Runtime Systems and Tools: Parallel Performance Analysis, Visualization and Optimization

Tools

The Projections Performance Analysis Framework: An Introduction to Projections

The significant gap between peak and realized performance of parallel machines motivates the need for effective performance analysis and tuning of applications running on those machines. To this end, we have developed a framework for performance analysis and visualization called Projections for Charm++.

Performance Instrumentation


The Charm++ Runtime system provides, to Projections' instrumentation component, the ability to record detailed performance information about events as an application is executed. Examples of these events are the start and end of Charm++ entry methods and message sends. This data is recorded on per-processor log buffers and written as log files at the end of the application. These log files are then used for post-mortem performance analysis through the visualization component of Projections. This instrumentation is provided automatically whenever the application is linked with Projections' tracing modules by the application developer. We also provide various runtime options and APIs to allow the user to flexibly control the intrusiveness, size of data collection as well as the resolution of performance data collected, from full event traces to a summary profile of entry method utilization.

Performance Visualization and Analysis


In its current form, the visualization component of Projections relies on manual analysis by the user. It is implemented in Java and provides support of the analysis through useful application views and abstractions like utilization graphs, histograms and event timelines.

Performance analysis is human-centric. This illustrated below from the figures 1a to 1c: From visual distillations of overall application performance characteristics, the analyst employs a mixture of application domain knowledge and experience with visual cues expressed through Projections in order to identify general areas (e.g. over a set of processors and time intervals) of potential performance problems. The analyst then zooms in for more detail and/or seeks additional perspectives through the aggregation of information across data dimensions (e.g. processors). The same process is repeated, usually with higher levels of detail, as the analyst hones in on a problem or zooms into another area to correlate problems. The richness of information coupled with the tool's ability to provide relevant visual cues contribute greatly to the efficacy of this analysis process.
Figure 1a: Overview of 512-processor run of NAMD over several seconds of execution. Figure 1b: A Time Profile of 512 processors over a 70ms range of interest of the same NAMD simulation. Figure 1c: Detailed Timeline of events on a user-selected subset processors of the same 70ms range.

As shown above, the Overview (Figure 1a) gives the user a general picture of application behavior in terms of utilization across processors and over time. The Time Profile (Figure 1b) provides a breakdown of entry method activity over time, summed across all processors, effectively providing another, more detailed, perspective of the data provided by Overview. The Timeline (Figure 1c) offers the most detailed look into exactly what performance events occurred on each selected processor, allowing the examination of causal effects and other runtime information. Other examples of the views offered include: the Usage Profile (Figure 2); which reveals information about the overall workloads across processors over a specified time range and is particularly useful in identifying Charm++ events that contribute to computational load imbalance in the program.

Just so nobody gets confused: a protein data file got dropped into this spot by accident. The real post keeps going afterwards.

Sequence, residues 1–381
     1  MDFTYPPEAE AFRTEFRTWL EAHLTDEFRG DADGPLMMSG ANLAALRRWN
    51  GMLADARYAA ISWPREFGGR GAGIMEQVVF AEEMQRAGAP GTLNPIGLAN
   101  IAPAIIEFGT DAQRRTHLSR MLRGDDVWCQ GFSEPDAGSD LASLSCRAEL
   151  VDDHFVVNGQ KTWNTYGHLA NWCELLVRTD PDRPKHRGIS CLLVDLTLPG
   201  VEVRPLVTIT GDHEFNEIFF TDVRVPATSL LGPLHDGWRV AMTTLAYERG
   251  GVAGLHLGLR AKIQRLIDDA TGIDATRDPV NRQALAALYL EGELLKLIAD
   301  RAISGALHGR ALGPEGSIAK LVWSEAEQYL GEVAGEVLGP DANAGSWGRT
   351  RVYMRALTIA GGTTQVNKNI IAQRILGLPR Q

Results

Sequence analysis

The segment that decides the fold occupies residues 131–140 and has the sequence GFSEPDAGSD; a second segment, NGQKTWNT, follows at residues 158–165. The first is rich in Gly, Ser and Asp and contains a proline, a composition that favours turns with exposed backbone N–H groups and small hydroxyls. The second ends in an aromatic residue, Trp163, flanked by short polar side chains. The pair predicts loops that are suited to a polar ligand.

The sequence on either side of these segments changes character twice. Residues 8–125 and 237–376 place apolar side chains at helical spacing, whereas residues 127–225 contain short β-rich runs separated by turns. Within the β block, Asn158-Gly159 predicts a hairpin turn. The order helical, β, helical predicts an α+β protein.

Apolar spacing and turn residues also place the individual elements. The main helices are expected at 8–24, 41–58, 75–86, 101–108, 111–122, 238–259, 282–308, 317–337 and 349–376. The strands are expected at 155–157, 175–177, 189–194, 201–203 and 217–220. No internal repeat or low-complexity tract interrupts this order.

Figure 2: Usage Profile of various Charm++ Events across processors
Figure 2: Usage Profile of various Charm++ Events across processors

Keeping Performance Analysis Effective

Issues and Motivation

In general, the analysis and subsequent tuning of an application is a non-trivial task for the analyst/developer. It is time-consuming and as an application scales to larger numbers of processors, running larger simulations, the problem of locating performance bottlenecks and problems can potentially be intractable. This is due to the growth in the volume of performance data the above-mentioned scaling inevitably produces. The consequences are twofold: the performance tool must read and process much more data, hence taking even more time and reducing responsiveness; and the performance information presented to the analyst visually can quickly become overwhelming. Our current research efforts in performance tools are directed to face these challenges in order to maintain Projections as an effective and useful tool.

Automating Performance Problem Discovery


We have been developing ways to help automate the discovery of performance bottleneck for analysts and quickly presenting this information visually via the Projections visualization tool.

One of these ways is through our NoiseMiner tool where we automatically locate precise sections of the performance space where unusually long (in regards to the rest of application activity) time durations are spent (Figure 3). Such long events may be symptoms of operating system interference, software interference, or computational noise. The analyst may then browse these sections of performance space in mini-timelines (Figure 4). Figure 3: NoiseMiner lists groups of events with similar duration stretches. Each group is likely affected by the same type of operating system interference, software interference, or computational noise. Figure 4: 36 mini-timelines can be viewed for each noise component detected by NoiseMiner. In the middle of each timeline is an event whose duration is longer than expected.